Drive, determination fuel Amber Deline’s coaching career
Photos by Mariann Parker and Jim Meadows
Basketball has been a way of life for Hartselle girls basketball coach Amber Deline. She grew up in the small community of Hackleburg, playing against her older brother, Rod.
“He never took it easy on me,” Deline said. “I would spend hours practicing on a dirt court at our house trying to figure out how to score on him.”
That drive and determination have helped make Deline the coach she is today.
She started varsity basketball at Hackleburg High School in the seventh grade. She played six seasons and was named to the 1A All-State team four times. She is the school’s all-time leading scorer with 2,637 points.
She was inducted into the Marion County Hall of Fame in 2007, only eight years after graduating high school.
“Individual accolades were never a goal for me as a player,” she said. “My goal as a high school player was to win a state championship and help my team be the best it could be.”
After graduating from Hackleburg, she chose the University of North Alabama to continue her basketball career. She had offers to play Division I but chose UNA for the chance to play from the time she stepped on campus.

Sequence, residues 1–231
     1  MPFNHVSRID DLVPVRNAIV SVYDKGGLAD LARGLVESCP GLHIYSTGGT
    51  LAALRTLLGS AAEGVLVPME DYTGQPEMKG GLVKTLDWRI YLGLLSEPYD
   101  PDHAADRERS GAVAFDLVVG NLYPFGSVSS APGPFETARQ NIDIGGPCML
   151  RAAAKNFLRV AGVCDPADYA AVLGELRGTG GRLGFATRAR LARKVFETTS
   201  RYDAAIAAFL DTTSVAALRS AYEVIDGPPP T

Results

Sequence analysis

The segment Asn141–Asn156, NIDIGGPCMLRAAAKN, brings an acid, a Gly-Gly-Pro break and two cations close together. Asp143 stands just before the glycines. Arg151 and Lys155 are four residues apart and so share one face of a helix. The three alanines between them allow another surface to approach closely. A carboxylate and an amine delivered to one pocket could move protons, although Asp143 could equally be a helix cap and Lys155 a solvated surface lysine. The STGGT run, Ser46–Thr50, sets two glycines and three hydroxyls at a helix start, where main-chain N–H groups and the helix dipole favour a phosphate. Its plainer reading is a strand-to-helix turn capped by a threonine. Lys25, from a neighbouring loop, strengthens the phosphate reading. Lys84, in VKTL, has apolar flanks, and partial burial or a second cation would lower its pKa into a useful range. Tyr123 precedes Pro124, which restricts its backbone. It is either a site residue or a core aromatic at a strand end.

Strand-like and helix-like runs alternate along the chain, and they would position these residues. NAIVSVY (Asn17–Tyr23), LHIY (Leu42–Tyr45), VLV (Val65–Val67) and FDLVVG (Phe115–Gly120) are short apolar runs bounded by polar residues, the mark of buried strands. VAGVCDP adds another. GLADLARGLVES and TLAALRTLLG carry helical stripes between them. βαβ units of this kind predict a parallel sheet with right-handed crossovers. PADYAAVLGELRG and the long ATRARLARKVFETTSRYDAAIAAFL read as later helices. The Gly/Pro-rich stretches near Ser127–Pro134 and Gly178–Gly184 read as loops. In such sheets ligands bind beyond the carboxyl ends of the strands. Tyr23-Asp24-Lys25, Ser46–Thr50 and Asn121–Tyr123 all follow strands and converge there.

“Coach Jeri Porter sold me on the fact that I could come to UNA and play all four years and have an opportunity to help get UNA back to competing for Gulf South Conference Championships,” Deline said. “Another selling point was that it was close to home, and my parents could come to my games.”
While at UNA, she was a four-time All-Gulf South Conference selection, earning first-team honors in 2000, 2001 and 2003 and second-team honors in 2002. She was named the Gulf South Conference Freshman of the Year in 2000 after averaging 17.4 points and 6.9 rebounds per game and leading the Lady Lions to a 21-7 record. She left UNA as their all-time leading scorer with 1,688 points (currently third) and all-time leading rebounder with 756. She was inducted into the UNA Hall of Fame in 2014.
While in high school, the idea of coaching was the furthest thing from her mind. Although she enjoyed the game of basketball, she did not want to make a career out of it.
That all changed while she was at UNA, where her coach changed her view on the profession.
“While I was at UNA, I played for a female coach for the first time in my life,” she said. “She had a huge impact on my life, and I could see through her how coaching could be about basketball and relationships. The impact she had on my life is what stirred me into coaching.”
After graduating from UNA in 2003, she joined the women’s basketball program at the University of Montevallo as an assistant coach. She was on the Lady Falcons staff from 2003 to 2006. She joined Samford University’s staff in 2006 and stayed until 2008.
While at Samford, she worked alongside Mike Morris. Morris is the Lady Bulldogs’ winningest coach with 279 career wins.
“Coach Morris made the most influential impact on my coaching career,” Deline said. “I learned so much from him. Most of my coaching philosophies regarding team culture, x’s and o’s, and how to run a program stem from him. I am grateful for the time I got to grow and learn from him.”